New Year's Day
On January first, Americans visit friends, relatives and neighbors. There is plenty to eat and drink. Many families and friends watch television together enjoying the Tournament of Roses parade (The Tournament of Roses Parade, better known as the Rose Parade, is "America's New Year Celebration" held in Pasadena, California, a festival of flower-covered floats). The parade was started in 1887, when a zoologist who had seen one in France suggested to the Valley Hunt Club in Pasadena, California that they sponsor "an artistic celebration of the ripening of the oranges" at the beginning of the year. At first the parade was a line of decorated horse-drawn private carriages. Athletic events were held in the afternoon, and in the evening, a ball where winners of the events of the day and the most beautiful float were announced. In later years colleges began to compete in football games on New Year's Day, and these gradually replaced other athletic competitions. The parade of floats grew longer from year to year, and flower decorations grew more elaborate.
Today the parade is usually more than five miles long with thousands of participants in the marching bands and on the floats. The queen of the tournament rides on a special float which is always the most elaborate one of the parade, being made from more than 250,000 flowers. Preparation for next year's Tournament of Roses begins on January 2.
(Fourth Thursday in November)
Almost every culture in the world has held celebrations of thanks for a plentiful harvest. The American Thanksgiving holiday began as a feast of thanksgiving in the early days of the American colonies almost four hundred years ago.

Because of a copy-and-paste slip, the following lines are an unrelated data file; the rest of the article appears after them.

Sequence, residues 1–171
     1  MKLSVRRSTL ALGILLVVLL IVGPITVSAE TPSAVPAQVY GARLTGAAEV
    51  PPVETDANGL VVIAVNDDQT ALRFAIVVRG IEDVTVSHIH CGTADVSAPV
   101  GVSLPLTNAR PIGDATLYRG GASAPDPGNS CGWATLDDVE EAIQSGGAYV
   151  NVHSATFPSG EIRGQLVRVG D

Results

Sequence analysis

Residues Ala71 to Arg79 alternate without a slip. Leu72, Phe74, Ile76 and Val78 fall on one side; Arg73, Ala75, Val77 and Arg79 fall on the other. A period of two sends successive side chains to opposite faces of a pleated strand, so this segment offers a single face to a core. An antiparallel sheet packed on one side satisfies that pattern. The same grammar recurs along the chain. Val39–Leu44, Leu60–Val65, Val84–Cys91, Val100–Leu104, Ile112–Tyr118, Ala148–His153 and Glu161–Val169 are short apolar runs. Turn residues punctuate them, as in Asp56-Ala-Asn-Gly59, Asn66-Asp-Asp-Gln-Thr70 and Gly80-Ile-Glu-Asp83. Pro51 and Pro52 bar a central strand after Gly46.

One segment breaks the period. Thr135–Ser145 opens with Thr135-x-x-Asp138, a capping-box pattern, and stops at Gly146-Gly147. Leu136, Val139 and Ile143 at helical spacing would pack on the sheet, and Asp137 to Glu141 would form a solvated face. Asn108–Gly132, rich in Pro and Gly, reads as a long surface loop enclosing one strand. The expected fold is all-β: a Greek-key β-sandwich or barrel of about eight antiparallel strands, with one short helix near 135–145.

In 1620, a boat filled with more than one hundred people sailed across the Atlantic Ocean to settle in the New World. The Pilgrims ['pɪlgrɪm] settled in what is now the state of Massachusetts. Their first winter in the New World was difficult. They had arrived too late to grow many crops, and without fresh food, half the colony died from disease. The following spring the Iroquois Indians ʹırəkwɔı(z) taught them how to grow corn (maize), a new food for the colonists. They showed them other crops to grow in the unfamiliar soil and how to hunt and fish.
In the autumn of 1621, bountiful (обильный) crops of corn, barley (ячмень), beans and pumpkins were harvested. The colonists had much to be thankful for, so a feast was planned. They invited the local Indian chief and 90 Indians. The Indians brought deer to roast with the turkeys. The colonists had learned how to cook cranberries and different kinds of corn and squash dishes (блюда из тыквы) from the Indians.
In following years, many of the original colonists celebrated the autumn harvest with a feast of thanks. After the United States became an independent country, Congress recommended one yearly day of thanksgiving for the whole nation to celebrate. George Washington suggested the date November 26 as Thanksgiving Day. Then in 1863, at the end of a long and bloody civil war, Abraham Lincoln asked all Americans to set aside the last Thursday in November as a day of thanksgiving
Symbols of Thanksgiving
Turkey, corn (or maize), pumpkins and cranberry sauce are symbols which represent the first Thanksgiving. Now all of these symbols are drawn on holiday decorations and greeting cards.
The use of corn meant the survival of the colonies.
Sweet-sour (кисло-сладкий) cranberry sauce, or cranberry jelly, was on the first Thanksgiving table and is still served today. The Indians used the fruit to treat infections. They used the juice to dye their rugs and blankets. They taught the colonists how to cook the berries with sweetener and water to make a sauce.
Until recently most schoolchildren believed that the Pilgrims cooked the entire Thanksgiving feast, and offered it to the Indians. In fact, the feast was planned to thank the Indians for teaching them how to cook those foods. Without the Indians, the first settlers would not have survived.